I thought about using a pen name for The First Assassin.
My given name is just too darn common. In my college dorm, there was another John Miller. When I moved to Washington, D.C., there was a John Miller in Congress. He later served in the State Department. One time, I called an old colleague for an interview. We talked for a minute or two before he realized it was me, rather than the other guy. I think he was disappointed. Another fellow with my name became semi-famous for interviewing Osama bin Laden in a cave before 9/11. Now he’s an FBI spokesman. There was also the professional golfer, Johnny Miller. I could go on.
I’ve tried to compensate by using my middle initial. When I joined the Michigan Review as a freshman, the editor had a no-middle-initials rule. That was the first thing I changed when I took over his job.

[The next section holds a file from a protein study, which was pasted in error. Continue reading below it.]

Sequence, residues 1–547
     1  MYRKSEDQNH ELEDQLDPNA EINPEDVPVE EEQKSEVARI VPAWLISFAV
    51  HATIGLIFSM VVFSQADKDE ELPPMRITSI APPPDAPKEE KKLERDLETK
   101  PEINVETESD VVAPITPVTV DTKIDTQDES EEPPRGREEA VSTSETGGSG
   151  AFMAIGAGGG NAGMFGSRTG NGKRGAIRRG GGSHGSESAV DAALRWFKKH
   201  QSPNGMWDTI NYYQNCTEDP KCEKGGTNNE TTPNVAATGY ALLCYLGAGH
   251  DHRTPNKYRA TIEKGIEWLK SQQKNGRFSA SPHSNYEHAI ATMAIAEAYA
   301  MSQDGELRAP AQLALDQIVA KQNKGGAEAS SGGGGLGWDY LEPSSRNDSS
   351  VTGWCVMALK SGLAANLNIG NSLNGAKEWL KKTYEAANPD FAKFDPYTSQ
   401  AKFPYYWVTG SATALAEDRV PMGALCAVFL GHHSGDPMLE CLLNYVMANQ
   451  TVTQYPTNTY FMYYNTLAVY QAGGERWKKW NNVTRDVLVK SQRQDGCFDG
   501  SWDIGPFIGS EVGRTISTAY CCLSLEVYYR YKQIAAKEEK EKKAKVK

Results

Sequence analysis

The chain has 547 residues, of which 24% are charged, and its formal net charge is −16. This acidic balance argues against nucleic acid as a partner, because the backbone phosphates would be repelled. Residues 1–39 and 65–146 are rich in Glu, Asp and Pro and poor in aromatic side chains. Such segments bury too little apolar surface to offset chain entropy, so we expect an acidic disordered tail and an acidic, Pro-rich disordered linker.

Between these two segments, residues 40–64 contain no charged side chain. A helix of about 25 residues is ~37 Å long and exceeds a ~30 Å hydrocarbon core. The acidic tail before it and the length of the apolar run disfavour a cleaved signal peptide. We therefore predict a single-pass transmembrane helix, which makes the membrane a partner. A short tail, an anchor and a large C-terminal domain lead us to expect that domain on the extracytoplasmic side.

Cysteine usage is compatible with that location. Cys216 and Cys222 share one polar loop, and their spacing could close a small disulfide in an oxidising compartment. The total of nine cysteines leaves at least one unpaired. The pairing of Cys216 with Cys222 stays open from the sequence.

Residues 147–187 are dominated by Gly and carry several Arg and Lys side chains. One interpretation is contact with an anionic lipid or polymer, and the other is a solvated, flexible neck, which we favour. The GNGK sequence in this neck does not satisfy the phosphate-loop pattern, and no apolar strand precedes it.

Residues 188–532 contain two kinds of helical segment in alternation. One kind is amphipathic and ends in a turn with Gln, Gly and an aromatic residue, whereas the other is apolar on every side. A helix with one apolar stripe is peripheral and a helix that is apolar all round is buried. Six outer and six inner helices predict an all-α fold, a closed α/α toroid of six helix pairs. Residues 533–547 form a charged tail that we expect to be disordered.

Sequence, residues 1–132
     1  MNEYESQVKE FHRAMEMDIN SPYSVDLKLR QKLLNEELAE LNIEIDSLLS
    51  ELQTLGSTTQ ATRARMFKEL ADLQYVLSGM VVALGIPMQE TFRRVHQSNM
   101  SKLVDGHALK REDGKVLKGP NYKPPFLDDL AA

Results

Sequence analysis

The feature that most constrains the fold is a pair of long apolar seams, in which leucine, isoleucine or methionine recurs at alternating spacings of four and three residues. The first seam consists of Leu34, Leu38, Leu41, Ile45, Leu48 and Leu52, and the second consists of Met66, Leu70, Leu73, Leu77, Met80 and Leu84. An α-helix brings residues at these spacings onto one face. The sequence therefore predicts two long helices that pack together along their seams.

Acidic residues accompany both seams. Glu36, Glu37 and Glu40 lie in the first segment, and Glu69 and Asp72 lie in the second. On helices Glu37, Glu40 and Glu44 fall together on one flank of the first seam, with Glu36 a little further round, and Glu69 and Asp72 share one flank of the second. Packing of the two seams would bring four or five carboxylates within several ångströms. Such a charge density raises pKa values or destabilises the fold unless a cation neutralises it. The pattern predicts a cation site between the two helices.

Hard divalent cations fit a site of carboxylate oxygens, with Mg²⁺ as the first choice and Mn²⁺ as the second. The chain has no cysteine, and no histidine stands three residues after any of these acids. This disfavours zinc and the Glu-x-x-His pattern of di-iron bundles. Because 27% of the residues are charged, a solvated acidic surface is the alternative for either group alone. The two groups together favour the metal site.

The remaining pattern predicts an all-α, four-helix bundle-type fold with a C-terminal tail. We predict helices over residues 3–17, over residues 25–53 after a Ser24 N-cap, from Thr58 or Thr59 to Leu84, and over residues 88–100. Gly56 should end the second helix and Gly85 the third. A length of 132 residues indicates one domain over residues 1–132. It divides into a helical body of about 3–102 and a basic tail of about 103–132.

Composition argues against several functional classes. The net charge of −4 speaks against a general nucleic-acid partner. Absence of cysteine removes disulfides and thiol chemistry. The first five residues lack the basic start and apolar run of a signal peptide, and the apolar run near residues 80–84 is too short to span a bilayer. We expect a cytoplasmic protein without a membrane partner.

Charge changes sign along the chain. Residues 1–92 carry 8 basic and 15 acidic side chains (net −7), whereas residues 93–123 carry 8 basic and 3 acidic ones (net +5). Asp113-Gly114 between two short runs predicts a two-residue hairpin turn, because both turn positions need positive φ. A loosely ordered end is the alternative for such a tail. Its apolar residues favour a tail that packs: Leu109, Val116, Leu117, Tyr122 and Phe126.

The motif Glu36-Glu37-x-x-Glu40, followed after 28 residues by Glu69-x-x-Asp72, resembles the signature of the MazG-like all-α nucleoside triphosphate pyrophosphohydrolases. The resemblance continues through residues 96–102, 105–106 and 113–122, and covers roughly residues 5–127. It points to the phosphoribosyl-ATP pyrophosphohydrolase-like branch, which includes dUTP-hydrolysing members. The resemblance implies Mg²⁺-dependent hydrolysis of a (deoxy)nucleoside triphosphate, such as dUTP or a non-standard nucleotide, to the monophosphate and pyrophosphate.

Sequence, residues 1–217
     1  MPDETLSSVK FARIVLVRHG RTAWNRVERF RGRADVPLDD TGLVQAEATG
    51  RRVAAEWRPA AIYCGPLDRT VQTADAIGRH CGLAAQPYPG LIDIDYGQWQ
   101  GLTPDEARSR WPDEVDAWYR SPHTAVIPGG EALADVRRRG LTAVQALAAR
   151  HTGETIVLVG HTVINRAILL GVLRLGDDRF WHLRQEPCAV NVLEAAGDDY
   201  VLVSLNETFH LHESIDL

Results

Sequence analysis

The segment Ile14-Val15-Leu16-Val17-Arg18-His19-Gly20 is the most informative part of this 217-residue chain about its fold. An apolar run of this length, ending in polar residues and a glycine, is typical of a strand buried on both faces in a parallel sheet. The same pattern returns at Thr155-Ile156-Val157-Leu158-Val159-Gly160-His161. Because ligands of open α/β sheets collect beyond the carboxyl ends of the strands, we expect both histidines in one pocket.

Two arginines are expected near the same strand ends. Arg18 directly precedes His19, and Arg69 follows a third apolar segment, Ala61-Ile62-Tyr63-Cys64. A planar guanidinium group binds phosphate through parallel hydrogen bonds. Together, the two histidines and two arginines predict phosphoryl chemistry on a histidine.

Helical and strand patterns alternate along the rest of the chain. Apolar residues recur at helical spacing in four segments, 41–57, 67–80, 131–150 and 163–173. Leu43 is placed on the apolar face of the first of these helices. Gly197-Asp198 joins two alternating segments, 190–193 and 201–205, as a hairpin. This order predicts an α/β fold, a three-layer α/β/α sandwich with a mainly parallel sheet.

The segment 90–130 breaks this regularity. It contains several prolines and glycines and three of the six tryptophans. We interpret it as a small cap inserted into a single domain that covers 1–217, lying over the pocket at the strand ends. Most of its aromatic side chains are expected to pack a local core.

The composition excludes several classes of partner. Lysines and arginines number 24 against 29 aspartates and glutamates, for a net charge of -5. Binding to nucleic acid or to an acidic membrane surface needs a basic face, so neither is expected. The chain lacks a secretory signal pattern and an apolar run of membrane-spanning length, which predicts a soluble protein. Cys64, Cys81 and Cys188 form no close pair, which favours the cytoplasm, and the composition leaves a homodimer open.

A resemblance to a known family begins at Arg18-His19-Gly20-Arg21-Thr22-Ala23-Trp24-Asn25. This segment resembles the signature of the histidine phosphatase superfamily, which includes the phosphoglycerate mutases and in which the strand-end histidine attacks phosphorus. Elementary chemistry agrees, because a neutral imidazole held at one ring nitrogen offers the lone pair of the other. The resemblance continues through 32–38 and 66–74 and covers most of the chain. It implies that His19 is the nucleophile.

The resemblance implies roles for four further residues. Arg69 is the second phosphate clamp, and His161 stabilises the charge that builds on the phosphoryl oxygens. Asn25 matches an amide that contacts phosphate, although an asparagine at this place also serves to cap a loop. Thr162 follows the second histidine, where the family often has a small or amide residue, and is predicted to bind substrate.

A professional writer can’t alter his byline in the middle of his career, at least not easily or without drawing strange looks. Still, I’ve occasionally wondered if I should switch to “J.J. Miller,” a byline that is at once less exact but also possibly more distinctive than the one I use. But then people might actually call me “J.J.,” and nobody has called me that since I was about five. It just wouldn’t feel right.
If I’m ever going to take a pen name, publishing my first novel provides the perfect occasion and excuse. I could use it only for fiction. Another option might involve adopting my mother’s maiden name. There’s also my mother’s mother’s maiden name, which was Schiller. It even rhymes with my real surname. According to family legend, we are related to the great German writer Friedrich Schiller. He’s best known for writing the play William Tell.
But I’ve decided against it. At this point, I’ve made my mark as a writer, however slight, as John J. Miller. And that’s what I’ll continue to do, in obscurity or otherwise.
Johann Christoph Friedrich Schiller (1759–1805)
See the resemblance?